"Modern Family" Star Reid Ewing Wishes He Never Got Plastic Surgery
For most of us, there’s something about ourselves we would like to fix. Whether it's changing the color of our hair or getting rid of cellulite, most women will attest to the fact that a little change can do a lot of good.
Before you consider any type of aesthetic procedure, be it surgery or a noninvasive procedure, it’s important to know why you’re doing it. If you’re looking to make a little tweak or fight signs of aging, that’s fine. But, if you suffer from body dysmorphic disorder (BDD is an illness where the patient is obsessed with the way they look), that’s a whole other story. Case in point: "Modern Family" actor Reid Ewing, who underwent years of plastic surgery including cheek implants, a chin implant, fillers and fat transfer, and now says, according to the Huffington Post, that he wish he hadn’t.
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According to the article, Ewing, who at the time was just starting out as an actor, believed that if he had one surgery he would suddenly look like Brad Pitt. His doctor agreed that surgery would be beneficial for his career and it was decided that large cheek implants would fix the concerns Ewing had with his face. A few weeks later, he was in the operating room, and once his surgery was complete, he woke up in excruciating pain. Ewing says he was also not told (ahead of time) that he would have to wear a full facial mask for two weeks during the recovery.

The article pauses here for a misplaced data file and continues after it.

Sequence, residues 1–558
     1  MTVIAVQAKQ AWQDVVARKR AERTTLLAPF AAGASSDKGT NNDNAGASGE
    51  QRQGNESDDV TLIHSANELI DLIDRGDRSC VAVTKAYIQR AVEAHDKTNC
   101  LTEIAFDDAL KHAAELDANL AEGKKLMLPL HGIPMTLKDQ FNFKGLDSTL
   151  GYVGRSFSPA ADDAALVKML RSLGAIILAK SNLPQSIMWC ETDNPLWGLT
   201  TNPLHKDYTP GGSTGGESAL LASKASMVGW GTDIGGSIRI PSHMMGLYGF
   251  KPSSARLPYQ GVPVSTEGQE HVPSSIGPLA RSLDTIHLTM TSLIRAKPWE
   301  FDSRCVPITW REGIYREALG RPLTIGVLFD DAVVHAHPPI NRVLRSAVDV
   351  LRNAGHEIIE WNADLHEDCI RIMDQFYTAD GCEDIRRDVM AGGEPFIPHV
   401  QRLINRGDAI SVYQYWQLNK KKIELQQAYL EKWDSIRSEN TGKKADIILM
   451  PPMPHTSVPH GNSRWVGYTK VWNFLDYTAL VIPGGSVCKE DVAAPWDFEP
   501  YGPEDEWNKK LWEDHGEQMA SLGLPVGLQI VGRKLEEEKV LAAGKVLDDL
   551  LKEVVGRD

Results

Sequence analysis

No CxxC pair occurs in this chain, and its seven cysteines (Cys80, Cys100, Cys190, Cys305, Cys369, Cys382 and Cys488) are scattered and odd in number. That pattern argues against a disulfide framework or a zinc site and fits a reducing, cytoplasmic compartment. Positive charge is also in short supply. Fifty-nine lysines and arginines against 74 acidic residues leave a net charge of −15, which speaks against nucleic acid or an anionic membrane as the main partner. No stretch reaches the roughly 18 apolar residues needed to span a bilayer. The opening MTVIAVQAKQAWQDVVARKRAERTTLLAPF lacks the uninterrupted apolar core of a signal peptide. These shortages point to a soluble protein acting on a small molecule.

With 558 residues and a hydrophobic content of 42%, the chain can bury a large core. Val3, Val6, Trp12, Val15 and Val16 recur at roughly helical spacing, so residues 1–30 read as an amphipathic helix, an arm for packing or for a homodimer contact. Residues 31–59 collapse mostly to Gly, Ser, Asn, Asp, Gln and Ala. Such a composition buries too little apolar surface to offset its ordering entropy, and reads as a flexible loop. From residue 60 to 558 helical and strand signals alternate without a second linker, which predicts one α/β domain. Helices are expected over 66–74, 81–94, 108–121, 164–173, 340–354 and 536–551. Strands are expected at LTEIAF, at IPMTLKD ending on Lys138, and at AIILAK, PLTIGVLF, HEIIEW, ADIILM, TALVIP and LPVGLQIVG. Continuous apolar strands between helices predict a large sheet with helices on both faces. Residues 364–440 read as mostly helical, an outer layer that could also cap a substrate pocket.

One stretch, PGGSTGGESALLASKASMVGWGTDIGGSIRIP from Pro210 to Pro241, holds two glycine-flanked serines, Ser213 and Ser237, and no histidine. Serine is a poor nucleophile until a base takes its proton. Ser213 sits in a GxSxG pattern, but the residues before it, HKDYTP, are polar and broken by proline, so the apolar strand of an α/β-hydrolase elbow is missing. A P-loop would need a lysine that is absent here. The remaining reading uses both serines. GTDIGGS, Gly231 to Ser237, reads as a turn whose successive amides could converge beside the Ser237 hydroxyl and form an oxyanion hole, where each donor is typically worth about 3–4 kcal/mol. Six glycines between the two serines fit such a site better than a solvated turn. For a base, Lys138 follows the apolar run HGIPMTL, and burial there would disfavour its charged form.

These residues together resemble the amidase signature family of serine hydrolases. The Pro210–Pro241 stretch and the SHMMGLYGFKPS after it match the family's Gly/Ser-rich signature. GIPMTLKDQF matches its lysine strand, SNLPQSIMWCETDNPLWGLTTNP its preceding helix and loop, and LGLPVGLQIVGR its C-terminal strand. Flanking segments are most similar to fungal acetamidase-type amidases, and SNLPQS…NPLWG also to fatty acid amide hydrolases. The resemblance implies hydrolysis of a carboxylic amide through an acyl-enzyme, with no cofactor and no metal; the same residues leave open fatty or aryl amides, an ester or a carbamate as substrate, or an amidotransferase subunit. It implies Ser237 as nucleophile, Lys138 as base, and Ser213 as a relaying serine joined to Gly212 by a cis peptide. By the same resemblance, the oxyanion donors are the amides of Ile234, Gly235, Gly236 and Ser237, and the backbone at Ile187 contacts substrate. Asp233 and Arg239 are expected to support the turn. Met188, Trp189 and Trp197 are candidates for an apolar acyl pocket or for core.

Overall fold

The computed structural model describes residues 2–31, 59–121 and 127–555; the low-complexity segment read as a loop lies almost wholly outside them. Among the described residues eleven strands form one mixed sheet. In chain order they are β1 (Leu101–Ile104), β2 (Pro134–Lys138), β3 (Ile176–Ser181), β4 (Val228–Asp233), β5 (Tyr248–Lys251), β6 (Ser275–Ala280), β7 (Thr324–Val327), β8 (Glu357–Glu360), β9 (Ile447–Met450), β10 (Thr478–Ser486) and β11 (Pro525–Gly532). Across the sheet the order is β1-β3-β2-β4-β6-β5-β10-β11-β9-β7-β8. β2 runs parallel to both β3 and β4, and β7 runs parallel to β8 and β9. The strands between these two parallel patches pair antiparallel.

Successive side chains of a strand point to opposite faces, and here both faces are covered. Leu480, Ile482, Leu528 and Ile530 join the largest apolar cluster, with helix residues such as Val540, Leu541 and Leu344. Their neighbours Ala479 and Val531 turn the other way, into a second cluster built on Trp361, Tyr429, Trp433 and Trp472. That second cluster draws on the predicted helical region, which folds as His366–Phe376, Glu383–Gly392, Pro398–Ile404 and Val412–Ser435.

When the time came to reveal his results and remove all of his bandages, Ewing says it was nothing like what he had expected. His face was beyond swollen, and once the swelling finally went down, the results, he says, were horrendous, comparing the lower half of his cheeks to a corpse because they were that hollow.
Unhappy with the results, Ewing went back to the doctor that performed his surgery and asked for a revision procedure, but was told he would get used to the changes. Embarrassed by the way he looked, he stayed in isolation. He began seeking out other surgeons in hopes that he could fix what had been done. Eventually, he went down a path of multiple surgeries—one after another—each one causing a new problem that would need correction. And, of all the doctors who operated on him, not a single one requested a psychiatric evaluation or a history of any mental illness, two things that any board-certified plastic surgeon should be on the lookout for.
Years of this vicious cycle lead Ewing into depression, isolation and self-hate, which all became too much for him to handle. He vowed to never have another procedure done again despite the face that he was still insecure with the way he looked.
Today, Ewing says, that while plastic surgery isn’t always a bad thing and can help those who need it, he wishes he could go back and undo everything he did.